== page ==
Lately, I’ve been stumbling onto many homemaking niche instagram accounts.
You know the ones.
The pretty pastels, happy kids, spotless white kitchens, moms with full faces of makeup on rambling about their beautiful family in the posts.
I’m not dissing these pages, they’re cute. I’m sure they’re helpful to plenty of expecting and new moms and are sources for encouragement. I’ve even considered following one, but my finger stopped above the follow button…
I looked at those perfectly lit aesthetic pictures, and I felt a bitterness wash over me, and I knew then that it wasn’t healthy for me to see that on my feed. I knew it wasn’t healthy for me to want what wasn’t mine, and that was what I was doing in that moment.
I felt discouraged, not at the thought of not currently having a family, but at the thought of never having one.
Fast-foward a bit, I came across another one, but this one was different.
It was a homemaking page run by a young teen girl and a self-described “future-homemaker”.
I wasn’t sure what to think about it.
On one hand, homemaking is beautiful. I wish the stay-at-home mom life was still looked at as important in today’s culture. I’m glad this young girl sees the beauty, and I’m glad that she wants that for her future.
On one hand, it is important to learn how to keep a home running.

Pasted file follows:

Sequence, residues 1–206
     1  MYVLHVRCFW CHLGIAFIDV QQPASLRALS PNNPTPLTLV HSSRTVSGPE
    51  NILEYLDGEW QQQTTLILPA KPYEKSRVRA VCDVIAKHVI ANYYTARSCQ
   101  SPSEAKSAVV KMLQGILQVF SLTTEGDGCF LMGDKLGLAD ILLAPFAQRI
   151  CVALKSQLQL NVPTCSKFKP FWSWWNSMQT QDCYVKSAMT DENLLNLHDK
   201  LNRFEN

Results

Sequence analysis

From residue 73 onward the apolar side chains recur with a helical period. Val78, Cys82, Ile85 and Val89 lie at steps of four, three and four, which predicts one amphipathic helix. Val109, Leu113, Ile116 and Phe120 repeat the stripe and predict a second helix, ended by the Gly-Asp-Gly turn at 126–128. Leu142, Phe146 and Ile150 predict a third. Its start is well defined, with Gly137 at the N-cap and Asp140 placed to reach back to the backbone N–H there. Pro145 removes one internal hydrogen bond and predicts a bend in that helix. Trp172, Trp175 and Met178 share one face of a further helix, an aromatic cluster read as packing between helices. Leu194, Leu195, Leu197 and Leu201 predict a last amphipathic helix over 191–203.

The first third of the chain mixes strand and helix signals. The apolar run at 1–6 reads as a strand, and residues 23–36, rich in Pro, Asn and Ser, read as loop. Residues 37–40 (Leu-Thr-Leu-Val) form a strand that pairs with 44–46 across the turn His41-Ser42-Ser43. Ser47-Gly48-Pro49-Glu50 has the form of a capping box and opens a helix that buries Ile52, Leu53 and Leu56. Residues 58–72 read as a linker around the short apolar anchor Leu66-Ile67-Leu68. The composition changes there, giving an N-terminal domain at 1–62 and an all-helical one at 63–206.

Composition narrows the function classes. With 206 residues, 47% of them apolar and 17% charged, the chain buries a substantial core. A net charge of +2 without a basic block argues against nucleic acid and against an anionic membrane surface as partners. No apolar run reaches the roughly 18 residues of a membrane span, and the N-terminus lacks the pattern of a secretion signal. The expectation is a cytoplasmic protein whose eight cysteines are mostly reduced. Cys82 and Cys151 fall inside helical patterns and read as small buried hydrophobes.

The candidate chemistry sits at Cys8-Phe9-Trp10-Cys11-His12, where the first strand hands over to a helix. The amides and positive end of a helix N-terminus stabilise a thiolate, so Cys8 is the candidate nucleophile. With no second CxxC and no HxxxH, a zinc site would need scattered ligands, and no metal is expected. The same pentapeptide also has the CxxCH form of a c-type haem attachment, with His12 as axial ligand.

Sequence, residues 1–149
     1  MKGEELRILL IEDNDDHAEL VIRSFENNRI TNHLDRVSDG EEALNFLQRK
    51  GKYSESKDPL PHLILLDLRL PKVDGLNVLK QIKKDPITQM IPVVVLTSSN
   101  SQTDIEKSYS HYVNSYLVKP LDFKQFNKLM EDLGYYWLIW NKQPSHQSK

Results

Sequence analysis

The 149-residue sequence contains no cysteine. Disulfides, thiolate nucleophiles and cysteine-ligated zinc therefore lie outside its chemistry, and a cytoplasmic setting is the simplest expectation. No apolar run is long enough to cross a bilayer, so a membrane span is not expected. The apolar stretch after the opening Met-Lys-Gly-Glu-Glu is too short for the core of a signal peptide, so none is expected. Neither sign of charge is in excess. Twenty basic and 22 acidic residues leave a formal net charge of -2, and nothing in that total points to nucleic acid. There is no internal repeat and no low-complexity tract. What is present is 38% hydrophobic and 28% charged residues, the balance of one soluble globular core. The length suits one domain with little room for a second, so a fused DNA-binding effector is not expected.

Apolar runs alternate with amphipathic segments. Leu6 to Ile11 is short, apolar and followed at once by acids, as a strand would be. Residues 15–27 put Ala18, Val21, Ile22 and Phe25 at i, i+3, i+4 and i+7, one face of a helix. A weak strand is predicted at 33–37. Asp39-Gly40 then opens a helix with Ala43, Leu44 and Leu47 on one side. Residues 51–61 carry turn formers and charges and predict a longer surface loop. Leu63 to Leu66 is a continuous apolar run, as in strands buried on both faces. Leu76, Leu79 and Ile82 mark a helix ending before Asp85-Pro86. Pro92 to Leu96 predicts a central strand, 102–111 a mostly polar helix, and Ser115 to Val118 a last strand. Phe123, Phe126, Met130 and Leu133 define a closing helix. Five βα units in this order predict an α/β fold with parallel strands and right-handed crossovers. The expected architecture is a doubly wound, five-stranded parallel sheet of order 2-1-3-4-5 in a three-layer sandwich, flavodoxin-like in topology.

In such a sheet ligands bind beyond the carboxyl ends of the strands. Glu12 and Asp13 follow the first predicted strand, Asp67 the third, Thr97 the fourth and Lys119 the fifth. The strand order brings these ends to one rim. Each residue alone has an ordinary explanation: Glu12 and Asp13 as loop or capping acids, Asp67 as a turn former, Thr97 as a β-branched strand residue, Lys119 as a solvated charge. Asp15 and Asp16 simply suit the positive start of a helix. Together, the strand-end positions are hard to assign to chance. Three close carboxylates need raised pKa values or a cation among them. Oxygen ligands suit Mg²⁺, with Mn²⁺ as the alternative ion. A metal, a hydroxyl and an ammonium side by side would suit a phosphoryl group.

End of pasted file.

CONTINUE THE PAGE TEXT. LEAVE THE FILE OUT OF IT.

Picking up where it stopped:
On the other, I didn’t like it because a future that might never be, was shown as her whole identity and purpose, when it’s not.
Marriage is not a right; it’s not promised.
Neither are kids.
Yet, we act like our life is on pause until we get married and have kids.
Why does it seem that there is this unrealistic, “Oh, I just want to skip this stuff and get married and have kids.” As if that’s when the credits roll as you ride off into the sunset, into a happy ending? Forget the part where life goes on and continues to be stressful and hard work in different ways.
My dad tells me this story about how he and his roommate had a calendar in college, and they would celebrate the end of each day by crossing another day off with a red pen.
“You’re counting your life away,” someone remarked to my dad once.
My dad said he never understood that remark until years later when he looked up and realized that he had done that.
We all are guilty of doing that, especially in this area.
It’s always when I meet someone, then I’ll-
When I get engaged, then I’ll-
When I get married, then I’ll-
When I have children, then I’ll-
What about the “now’s“?
There are so many opportunities to serve God and others now.
There are so many things you can do now that you won’t be able to do if (or when) you get married and have kids.
You have a life and a purpose now.
“Let us hear the conclusion of the whole matter: Fear God, and keep his commandments: for this is the whole duty of man.”-Ecclesiastes 12:13
“Therefore encourage one another and build one another up, just as you are doing.”-Thessalonians 5:11
“Let your light so shine before men, that they may see your good works, and glorify your Father which is in heaven.”-Matthew 5:16